I am not sure if it will necessarily be good for International Baseball and MLB can say all it wants about the benefits of an International Draft, but it all comes down to money. The owners want to spend less of it on 16 year olds from Latin America. MLBPA boss, Tony Clark has not completely bought into the benefits of an International Draft either, but perhaps he is saying this, because about a third of MLB’s players are born outside of the United States. I read or saw somewhere that a petition against it circulated around some club houses during Spring Training 2013; which some of MLB’s biggest Latin American stars signed. However, the Union could be using the International Draft as a bargaining chip to gain something else. Any way you cut it, the future of prospective young international free agents is in the hands of Billionaires and Millionaires; and they probably see themselves as the only ones who should benefit from free market capitalism.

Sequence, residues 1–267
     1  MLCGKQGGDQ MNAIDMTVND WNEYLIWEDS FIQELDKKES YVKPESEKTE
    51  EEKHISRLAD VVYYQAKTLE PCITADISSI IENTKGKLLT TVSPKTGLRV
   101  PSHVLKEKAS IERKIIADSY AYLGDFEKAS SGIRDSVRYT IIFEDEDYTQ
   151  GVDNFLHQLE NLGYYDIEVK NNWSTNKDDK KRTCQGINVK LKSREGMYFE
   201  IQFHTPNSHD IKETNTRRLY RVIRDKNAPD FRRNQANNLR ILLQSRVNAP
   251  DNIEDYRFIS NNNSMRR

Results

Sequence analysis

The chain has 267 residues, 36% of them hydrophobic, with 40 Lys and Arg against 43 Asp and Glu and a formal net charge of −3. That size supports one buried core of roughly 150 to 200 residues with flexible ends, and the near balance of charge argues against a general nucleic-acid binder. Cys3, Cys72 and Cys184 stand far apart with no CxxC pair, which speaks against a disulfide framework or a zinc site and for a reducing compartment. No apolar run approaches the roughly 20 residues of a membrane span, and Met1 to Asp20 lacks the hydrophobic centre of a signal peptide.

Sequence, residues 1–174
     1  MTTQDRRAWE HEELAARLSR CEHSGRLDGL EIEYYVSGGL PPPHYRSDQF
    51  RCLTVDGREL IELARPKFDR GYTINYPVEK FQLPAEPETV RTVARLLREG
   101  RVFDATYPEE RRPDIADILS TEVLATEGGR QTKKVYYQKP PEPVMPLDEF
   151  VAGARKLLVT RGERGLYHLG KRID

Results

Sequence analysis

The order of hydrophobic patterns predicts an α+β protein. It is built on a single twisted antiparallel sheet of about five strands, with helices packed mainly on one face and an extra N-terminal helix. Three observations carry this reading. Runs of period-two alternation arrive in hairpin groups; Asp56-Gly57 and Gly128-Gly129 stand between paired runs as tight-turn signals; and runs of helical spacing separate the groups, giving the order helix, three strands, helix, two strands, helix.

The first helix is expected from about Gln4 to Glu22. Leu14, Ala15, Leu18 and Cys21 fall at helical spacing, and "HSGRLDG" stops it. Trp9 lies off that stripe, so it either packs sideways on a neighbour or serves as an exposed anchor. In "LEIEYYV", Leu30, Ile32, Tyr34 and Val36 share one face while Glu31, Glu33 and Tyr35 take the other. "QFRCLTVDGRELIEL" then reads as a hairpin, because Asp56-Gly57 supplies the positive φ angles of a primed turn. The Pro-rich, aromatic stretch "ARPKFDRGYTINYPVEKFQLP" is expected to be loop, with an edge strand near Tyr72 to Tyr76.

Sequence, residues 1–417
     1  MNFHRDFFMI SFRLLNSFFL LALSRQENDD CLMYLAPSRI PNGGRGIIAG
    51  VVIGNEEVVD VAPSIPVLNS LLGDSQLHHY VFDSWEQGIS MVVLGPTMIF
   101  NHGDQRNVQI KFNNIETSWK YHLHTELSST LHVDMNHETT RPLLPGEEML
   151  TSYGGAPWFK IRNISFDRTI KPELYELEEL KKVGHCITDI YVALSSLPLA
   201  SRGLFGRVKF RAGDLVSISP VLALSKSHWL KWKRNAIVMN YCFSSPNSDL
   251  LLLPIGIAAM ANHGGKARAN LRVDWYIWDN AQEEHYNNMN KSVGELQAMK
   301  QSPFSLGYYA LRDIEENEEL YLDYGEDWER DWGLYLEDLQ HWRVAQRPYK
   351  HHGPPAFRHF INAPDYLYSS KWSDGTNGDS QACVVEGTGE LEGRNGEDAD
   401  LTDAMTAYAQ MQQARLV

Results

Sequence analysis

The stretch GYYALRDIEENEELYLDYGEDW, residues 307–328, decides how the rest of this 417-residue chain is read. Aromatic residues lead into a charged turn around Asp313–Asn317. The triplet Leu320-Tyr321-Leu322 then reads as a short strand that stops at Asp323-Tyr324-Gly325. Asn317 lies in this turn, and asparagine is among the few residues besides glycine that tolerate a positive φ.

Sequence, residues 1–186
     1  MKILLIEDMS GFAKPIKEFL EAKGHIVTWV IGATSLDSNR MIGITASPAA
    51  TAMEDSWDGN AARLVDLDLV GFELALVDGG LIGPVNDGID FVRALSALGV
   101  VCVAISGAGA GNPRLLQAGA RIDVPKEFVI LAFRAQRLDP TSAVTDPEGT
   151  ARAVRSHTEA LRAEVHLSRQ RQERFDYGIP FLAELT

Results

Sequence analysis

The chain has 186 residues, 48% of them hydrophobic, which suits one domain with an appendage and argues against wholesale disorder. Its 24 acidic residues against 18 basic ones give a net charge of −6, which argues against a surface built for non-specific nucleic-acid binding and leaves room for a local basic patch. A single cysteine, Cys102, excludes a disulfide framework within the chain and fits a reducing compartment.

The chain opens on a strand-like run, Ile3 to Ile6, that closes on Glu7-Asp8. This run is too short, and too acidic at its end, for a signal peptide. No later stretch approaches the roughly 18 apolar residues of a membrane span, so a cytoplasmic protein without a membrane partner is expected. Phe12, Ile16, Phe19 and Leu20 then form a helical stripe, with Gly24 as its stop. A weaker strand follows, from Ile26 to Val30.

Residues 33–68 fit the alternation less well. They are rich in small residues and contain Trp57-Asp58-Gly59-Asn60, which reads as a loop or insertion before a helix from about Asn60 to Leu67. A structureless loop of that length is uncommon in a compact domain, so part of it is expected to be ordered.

I don’t buy the whole parity argument either, MLB has experienced parity in recent years and I am not sure how much more parity they want. Teams are already penalized for signing Type A Free Agents by having their Draft Picks taken away, why don’t they do the same when teams sign top International Free Agents on July 2nd? MLB already has “restrictions” on how much they can spend on International Free Agents and yet teams exceed these “limits”; the Yankees made a mockery of this system last year.